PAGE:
Because you believe that their response will make you feel even more lonely.

So why bother!?

Maybe you stopped sharing for a very good reason: You didn’t feel like you got the response you needed and deserved. You felt like your emotions were ignored, downplayed, or

I think we all feel that way, sometimes. Whether we can acknowledge it or not, sometimes we just don’t feel like we matter to the ones we love.

Maybe you stopped sharing your rough days or deep emotions with the people you love because, like Riley in Inside Out, you have shared with someone who really matters and felt really let down.

Maybe you’ve repeatedly felt let down? Maybe you said something like: “I had a rough day. I don’t feel like I fit in.” And got a response like this:

“Of course you will fit in! You’re beautiful/handsome and
smart as a whip/very creative/good at sports. Besides, I already told you, it’s
going to take some time to settle in. Don’t worry about it!”

Or maybe you got an even worse response. Maybe you were simply ignored, or told to be quiet. Maybe the other person just turned up the volume on the tv.

If so, I’m sorry about that.

My guess is that most of the time whomever you were sharing your Sadness, Fear, or Anger with answered the best they knew how.

My guess is that they just didn’t know how to do a better job.

That’s the neat thing about Inside Out: It demonstrates how very loving and caring people go from trying to do (or say) the right thing to totally blowing it and hurting their child’s, and possibly each other’s, feelings.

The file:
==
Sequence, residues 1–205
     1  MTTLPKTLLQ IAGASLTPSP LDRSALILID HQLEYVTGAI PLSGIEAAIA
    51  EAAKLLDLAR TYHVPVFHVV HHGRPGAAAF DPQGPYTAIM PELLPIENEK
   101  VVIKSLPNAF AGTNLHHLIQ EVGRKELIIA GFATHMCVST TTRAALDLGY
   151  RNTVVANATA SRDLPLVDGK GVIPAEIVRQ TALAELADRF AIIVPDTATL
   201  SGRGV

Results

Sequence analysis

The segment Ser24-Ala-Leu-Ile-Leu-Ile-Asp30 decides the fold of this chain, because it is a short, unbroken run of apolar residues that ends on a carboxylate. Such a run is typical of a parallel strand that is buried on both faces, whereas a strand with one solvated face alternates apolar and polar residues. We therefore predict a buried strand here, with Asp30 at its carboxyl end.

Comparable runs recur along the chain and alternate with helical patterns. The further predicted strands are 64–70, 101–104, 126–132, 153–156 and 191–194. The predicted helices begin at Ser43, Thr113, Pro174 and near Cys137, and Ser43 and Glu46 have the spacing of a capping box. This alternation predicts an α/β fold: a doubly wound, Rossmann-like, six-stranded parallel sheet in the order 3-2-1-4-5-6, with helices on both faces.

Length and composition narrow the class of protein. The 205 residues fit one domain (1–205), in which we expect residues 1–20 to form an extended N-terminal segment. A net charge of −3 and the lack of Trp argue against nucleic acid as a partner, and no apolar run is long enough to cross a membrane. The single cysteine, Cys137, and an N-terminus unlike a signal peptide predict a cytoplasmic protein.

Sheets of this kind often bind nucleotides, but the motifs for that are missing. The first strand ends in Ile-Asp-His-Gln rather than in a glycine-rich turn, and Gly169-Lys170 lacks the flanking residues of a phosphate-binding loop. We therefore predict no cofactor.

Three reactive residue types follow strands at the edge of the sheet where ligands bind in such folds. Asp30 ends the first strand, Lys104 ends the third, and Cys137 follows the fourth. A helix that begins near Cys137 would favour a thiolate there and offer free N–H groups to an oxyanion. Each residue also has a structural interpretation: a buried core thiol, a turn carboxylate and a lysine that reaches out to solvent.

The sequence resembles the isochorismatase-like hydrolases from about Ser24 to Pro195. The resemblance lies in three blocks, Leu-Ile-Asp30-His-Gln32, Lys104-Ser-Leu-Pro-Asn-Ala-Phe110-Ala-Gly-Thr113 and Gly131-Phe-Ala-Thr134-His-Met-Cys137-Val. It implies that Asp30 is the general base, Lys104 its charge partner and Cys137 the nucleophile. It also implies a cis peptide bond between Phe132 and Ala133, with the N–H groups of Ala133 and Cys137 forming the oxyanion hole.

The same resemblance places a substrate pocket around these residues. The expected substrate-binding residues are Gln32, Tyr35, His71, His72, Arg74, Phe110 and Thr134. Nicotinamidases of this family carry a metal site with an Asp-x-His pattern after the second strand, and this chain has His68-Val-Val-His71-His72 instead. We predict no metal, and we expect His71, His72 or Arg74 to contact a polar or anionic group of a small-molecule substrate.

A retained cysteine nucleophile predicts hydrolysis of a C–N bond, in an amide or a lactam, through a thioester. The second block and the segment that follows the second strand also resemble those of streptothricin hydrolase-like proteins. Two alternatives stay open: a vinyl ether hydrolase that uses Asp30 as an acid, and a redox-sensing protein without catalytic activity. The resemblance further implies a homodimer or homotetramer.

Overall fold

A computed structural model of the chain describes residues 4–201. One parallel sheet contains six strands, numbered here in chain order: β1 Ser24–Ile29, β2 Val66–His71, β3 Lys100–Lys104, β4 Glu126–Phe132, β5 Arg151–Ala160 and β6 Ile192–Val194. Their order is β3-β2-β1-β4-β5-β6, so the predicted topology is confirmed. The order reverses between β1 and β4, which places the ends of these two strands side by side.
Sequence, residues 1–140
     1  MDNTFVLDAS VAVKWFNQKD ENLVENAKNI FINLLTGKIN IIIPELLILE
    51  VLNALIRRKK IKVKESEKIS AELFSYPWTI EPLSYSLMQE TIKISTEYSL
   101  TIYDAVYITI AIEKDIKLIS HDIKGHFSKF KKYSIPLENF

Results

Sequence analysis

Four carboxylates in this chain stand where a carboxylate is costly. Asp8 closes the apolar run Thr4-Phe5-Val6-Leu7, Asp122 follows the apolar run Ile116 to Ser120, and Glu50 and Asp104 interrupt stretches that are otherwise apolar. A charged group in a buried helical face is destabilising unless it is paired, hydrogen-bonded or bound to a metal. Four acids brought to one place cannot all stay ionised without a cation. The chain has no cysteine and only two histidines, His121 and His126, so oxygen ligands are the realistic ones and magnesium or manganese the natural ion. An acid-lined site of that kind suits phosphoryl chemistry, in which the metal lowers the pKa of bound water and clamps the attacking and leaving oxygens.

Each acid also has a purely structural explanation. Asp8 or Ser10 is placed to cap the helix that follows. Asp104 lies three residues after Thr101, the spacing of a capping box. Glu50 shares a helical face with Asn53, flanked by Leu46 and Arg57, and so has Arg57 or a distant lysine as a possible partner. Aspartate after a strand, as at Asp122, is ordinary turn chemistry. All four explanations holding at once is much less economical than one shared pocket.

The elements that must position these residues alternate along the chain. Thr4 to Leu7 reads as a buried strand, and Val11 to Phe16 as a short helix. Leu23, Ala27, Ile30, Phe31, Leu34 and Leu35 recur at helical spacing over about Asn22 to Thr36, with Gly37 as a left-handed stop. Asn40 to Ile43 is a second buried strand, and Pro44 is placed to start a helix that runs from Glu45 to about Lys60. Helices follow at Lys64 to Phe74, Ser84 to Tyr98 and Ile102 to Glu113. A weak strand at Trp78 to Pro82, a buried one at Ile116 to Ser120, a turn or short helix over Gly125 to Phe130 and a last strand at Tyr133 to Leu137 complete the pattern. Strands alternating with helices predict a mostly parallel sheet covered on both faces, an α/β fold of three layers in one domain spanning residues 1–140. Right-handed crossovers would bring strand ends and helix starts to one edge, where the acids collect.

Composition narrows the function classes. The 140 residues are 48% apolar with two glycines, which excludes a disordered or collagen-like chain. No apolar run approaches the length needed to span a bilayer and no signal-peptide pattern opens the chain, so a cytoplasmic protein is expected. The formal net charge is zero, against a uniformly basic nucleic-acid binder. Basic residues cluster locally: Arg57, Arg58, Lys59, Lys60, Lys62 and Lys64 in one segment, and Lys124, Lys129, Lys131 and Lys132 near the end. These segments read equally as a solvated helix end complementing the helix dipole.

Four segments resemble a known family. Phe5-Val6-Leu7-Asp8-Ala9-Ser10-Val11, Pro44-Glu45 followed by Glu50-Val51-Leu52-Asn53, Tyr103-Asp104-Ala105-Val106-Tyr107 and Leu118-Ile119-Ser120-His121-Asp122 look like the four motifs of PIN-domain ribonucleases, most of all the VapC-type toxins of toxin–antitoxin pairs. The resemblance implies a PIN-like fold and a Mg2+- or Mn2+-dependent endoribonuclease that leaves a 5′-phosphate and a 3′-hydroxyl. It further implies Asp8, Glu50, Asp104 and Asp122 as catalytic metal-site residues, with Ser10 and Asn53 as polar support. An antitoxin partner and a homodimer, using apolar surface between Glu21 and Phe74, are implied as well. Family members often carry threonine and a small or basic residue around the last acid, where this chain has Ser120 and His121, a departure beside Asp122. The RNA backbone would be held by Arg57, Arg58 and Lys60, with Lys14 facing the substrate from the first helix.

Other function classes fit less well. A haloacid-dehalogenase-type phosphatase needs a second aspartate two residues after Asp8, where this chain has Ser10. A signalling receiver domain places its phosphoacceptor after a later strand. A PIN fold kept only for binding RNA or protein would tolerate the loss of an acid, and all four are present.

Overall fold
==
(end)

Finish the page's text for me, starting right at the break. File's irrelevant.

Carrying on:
Inside Out shows us that this is pretty normal behaviour. Sometimes we screw up. It doesn’t make us bad people, it just means that our Inner Anger or Disgust or Fear has taken charge.

This is especially clear in the part of the film used in the movie trailer where we see the Inner Family of Mom and Dad inside their heads.


But this isn’t just another movie to make us feel bad about ourselves. It shows adults making mistakes and then tuning into the emotions of their loved ones in order to make it better.

I figure it does a tremendous job of demonstrating love, resilience, and good communication. Yes, Inside Out shows us one way to get on the right track. It demonstrates, clear as day, how to tune back into the emotions of ourselves and others.

I know, I know, easier shown than done, right? Watching a movie is not going to make everything better. Still, a good demonstration can go a long way.  

So, yes, sometimes we get judgmental or angry with our children or other loved ones.

And yes, it sucks, but it happens. Even to the most loving and compassionate among us is going to make someone feel small and unimportant at some point this week.

The big deal is not what we do wrong.

The big deal is how we tune into our loved ones and learn from them how to make it right.  

So, yes, it is just an animated movie. Yes, it was created in order to make Disney/Pixar lots of money. Yes, parts of it could be construed as manipulative or sexist or at least insensitive to young women who aren’t built like Tinkerbell.

But, well, it’s a movie that demonstrates some very important things. It’s a film that can help parents remember to stop ignoring or tying to fix things.

It’s a motion picture – or an Emotion picture – that reminds us, that when our kids are crying, sometimes its best to simply hold them as they sob in our arms.

It’s a movie that reminds us that ALL PEOPLE CRY because it is the best way to let our loved ones know we are in distress.

And we all know that we let loved ones know we are in distress because we need them to help us stay safe. No child, man, or woman is an island.

No one survives alone.

That is why Sadness is so utterly and inescapably valuable:

It’s all about safety. Sadness keeps us safe by helping us and the ones we rely on to tune into us and our deepest needs.

And, when the ones we love hear our cry (or simply pick up on the catch in our voice) and reach out to us, well then we do feel very Joyful, don’t we?

So, that was what really moved me about Inside Out. It honoured Sadness.

And, beyond that, it gave a very potent (and often funny) demonstration of how we can embrace all of our emotions in order to lead – and
help our kids lead – rich and fulfilling lives.